I did some research online, and was dismayed to find very little information. I decided to do an ammonia and water soak. I poured 2 cups of ammonia and 1 cup of cool water into a bottle. I then added the lichen. After closing it up again, I gave it a good shake. I continued to give a shake everyday for a few weeks. TYhis served to airate the liquid, and make sure the lichen was well soaked.

 

I figured the dye was ready when I no longer noticed much change in the color of the liquid. I soaked 15 grams of sock yarn in water that had alum (a mordant) mixed in. I let it soak over night:

 

yarn, alum soak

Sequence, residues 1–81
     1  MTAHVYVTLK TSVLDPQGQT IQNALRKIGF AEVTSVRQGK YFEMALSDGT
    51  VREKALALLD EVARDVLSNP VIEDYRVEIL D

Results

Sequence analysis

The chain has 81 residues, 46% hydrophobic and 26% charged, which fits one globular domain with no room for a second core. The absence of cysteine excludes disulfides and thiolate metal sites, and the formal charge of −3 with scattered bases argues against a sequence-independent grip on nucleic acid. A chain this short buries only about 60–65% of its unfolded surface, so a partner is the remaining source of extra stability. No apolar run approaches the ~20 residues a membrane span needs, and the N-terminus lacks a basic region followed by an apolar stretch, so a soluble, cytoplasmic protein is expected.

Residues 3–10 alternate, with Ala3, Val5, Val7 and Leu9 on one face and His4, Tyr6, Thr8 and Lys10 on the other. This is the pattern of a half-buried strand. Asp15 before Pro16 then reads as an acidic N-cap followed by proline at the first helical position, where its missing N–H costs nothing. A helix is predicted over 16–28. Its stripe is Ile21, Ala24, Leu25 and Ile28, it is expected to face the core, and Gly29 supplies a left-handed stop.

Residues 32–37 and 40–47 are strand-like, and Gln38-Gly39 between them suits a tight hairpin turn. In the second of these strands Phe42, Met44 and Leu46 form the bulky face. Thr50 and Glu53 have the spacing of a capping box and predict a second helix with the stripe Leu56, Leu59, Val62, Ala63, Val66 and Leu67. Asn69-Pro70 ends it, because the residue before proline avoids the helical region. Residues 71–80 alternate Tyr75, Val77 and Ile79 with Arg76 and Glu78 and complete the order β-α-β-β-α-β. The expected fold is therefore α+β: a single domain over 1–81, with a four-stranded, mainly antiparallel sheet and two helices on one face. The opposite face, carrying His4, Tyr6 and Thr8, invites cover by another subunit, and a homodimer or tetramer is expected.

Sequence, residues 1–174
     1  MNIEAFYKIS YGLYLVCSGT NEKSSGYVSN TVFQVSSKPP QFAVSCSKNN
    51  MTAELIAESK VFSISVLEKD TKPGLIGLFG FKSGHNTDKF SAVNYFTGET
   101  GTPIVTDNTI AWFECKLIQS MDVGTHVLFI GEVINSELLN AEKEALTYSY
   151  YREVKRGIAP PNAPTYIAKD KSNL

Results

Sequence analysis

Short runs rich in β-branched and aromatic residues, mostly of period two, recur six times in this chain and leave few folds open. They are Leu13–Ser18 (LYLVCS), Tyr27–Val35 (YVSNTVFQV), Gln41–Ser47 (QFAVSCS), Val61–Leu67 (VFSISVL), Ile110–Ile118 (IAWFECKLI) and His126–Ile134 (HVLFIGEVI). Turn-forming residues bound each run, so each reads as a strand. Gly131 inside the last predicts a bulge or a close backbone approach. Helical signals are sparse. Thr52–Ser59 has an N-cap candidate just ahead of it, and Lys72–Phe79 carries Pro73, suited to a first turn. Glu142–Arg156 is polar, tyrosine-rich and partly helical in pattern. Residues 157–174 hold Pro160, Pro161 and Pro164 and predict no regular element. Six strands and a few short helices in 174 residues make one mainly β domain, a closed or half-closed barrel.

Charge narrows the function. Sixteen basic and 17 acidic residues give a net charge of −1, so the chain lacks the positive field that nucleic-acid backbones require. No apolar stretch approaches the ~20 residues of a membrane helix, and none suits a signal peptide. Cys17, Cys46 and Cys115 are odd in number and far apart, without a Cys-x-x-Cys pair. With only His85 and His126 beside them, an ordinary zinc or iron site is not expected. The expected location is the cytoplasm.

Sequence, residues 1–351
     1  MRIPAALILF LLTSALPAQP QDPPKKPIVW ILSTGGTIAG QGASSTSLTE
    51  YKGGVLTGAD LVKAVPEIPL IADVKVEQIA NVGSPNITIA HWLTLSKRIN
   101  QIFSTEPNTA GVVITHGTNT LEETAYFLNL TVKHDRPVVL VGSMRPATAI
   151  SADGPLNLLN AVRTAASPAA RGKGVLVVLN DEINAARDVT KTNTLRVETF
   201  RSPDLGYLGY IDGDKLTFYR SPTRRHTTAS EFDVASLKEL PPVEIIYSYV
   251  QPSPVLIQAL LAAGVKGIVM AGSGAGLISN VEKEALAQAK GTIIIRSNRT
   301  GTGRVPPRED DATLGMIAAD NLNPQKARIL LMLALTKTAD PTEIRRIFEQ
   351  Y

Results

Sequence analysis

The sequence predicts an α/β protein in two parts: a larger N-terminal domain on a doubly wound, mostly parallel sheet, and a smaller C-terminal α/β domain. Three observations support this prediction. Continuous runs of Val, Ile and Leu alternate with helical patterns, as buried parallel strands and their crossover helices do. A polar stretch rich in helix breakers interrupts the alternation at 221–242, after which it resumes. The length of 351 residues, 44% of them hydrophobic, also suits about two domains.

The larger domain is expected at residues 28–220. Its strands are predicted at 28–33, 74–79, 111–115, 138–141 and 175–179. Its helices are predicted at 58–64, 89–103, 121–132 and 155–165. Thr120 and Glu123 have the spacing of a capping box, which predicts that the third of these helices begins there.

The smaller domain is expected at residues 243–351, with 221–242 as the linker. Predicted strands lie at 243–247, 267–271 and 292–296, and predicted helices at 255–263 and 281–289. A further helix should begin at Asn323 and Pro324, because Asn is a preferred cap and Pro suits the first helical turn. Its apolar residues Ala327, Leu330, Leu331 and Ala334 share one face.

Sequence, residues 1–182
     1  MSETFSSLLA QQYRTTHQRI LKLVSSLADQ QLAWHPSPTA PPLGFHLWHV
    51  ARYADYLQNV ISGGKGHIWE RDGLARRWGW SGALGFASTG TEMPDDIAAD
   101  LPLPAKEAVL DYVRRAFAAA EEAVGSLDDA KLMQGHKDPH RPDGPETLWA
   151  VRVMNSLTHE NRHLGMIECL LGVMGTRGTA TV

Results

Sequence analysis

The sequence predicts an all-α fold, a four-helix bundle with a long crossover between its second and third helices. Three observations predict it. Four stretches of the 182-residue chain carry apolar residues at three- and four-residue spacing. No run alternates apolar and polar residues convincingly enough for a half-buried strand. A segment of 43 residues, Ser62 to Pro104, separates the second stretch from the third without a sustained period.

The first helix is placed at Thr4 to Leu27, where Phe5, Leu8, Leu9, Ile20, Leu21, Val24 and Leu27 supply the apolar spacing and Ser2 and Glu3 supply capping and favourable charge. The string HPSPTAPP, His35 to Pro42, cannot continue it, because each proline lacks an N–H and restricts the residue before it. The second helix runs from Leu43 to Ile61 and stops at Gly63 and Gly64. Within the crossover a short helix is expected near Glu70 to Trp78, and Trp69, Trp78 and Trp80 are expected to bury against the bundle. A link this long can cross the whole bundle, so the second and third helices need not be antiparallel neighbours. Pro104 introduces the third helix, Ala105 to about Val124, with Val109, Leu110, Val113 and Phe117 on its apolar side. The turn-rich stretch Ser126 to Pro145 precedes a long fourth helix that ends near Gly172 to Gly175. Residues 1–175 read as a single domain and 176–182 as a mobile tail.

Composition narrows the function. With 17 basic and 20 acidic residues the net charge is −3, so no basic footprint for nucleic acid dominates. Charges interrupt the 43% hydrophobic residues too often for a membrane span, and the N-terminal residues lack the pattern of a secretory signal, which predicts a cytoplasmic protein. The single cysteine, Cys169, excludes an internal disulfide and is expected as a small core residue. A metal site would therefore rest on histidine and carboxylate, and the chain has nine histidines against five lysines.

The next step was th pour the dye into a non-reactive container ( I used a plastic bowl) and to strain out the lichen:

 

lichen, strained out from dye bath

 

I added the yarn and a generous ‘glug’ of vinegar to acidify the dye bath:

 

lichen dye bath

 

I let the skein soak for about an hour, and it had pretty much reached it’s final color, though I decided to make sure, by putting the dye bath and ayrn into the crock pot to add heat. I fiured it couldn’t hurt, and may well help set the dye better:

 

first soak in lichen dye bath heat setting the lichen dye

 

I let the pot heat completly, then turned it off and let it cool over night. It did appear to have gotten darker, but after the first cool rinse, it lightened back up:

 

lichen yarn, prerinsing rinsing lichen yarn

 

The final color is a very soft mauve. It would be great to learn a bit more and purhaps be able to get a much more intense color from thelichen. I wonder if cooking down the liquid and then using it would be beneficial? Anyhow, here is a shot of the final yarn, destiny unknown:

 

lichen dyed yarn